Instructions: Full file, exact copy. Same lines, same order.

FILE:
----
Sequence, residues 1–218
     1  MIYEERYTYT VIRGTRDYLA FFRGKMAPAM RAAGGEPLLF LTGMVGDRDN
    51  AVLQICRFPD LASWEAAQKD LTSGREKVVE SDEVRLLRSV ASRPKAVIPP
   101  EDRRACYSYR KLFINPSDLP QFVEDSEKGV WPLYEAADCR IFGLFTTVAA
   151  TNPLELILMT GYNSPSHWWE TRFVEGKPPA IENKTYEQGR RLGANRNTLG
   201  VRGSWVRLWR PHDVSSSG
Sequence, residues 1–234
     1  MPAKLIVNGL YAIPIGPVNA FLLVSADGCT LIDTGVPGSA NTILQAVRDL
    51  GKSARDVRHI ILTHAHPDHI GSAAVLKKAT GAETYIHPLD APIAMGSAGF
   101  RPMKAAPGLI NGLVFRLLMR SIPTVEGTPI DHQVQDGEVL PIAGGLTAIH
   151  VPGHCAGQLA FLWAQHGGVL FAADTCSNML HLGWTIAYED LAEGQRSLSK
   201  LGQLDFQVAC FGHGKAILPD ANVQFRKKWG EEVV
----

Sequence, residues 1–218
     1  MIYEERYTYT VIRGTRDYLA FFRGKMAPAM RAAGGEPLLF LTGMVGDRDN
    51  AVLQICRFPD LASWEAAQKD LTSGREKVVE SDEVRLLRSV ASRPKAVIPP
   101  EDRRACYSYR KLFINPSDLP QFVEDSEKGV WPLYEAADCR IFGLFTTVAA
   151  TNPLELILMT GYNSPSHWWE TRFVEGKPPA IENKTYEQGR RLGANRNTLG
   201  VRGSWVRLWR PHDVSSSG
Sequence, residues 1–234
     1  MPAKLIVNGL YAIPIGPVNA FLLVSADGCT LIDTGVPGSA NTILQAVRDL
    51  GKSARDVRHI ILTHAHPDHI GSAAVLKKAT GAETYIHPLD APIAMGSAGF
   101  RPMKAAPGLI NGLVFRLLMR SIPTVEGTPI DHQVQDGEVL PIAGGLTAIH
   151  VPGHCAGQLA FLWAQHGGVL FAADTCSNML HLGWTIAYED LAEGQRSLSK
   201  LGQLDFQVAC FGHGKAILPD ANVQFRKKWG EEVV